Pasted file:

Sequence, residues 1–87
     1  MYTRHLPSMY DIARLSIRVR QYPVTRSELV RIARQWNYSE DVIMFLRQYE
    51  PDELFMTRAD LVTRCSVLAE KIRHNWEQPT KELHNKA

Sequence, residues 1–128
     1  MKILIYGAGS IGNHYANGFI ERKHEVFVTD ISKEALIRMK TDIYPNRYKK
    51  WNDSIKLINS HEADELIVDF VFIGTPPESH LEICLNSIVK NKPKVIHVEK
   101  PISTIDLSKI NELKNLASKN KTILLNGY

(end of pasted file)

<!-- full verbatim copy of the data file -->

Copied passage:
Sequence, residues 1–87
     1  MYTRHLPSMY DIARLSIRVR QYPVTRSELV RIARQWNYSE DVIMFLRQYE
    51  PDELFMTRAD LVTRCSVLAE KIRHNWEQPT KELHNKA

Sequence, residues 1–128
     1  MKILIYGAGS IGNHYANGFI ERKHEVFVTD ISKEALIRMK TDIYPNRYKK
    51  WNDSIKLINS HEADELIVDF VFIGTPPESH LEICLNSIVK NKPKVIHVEK
   101  PISTIDLSKI NELKNLASKN KTILLNGY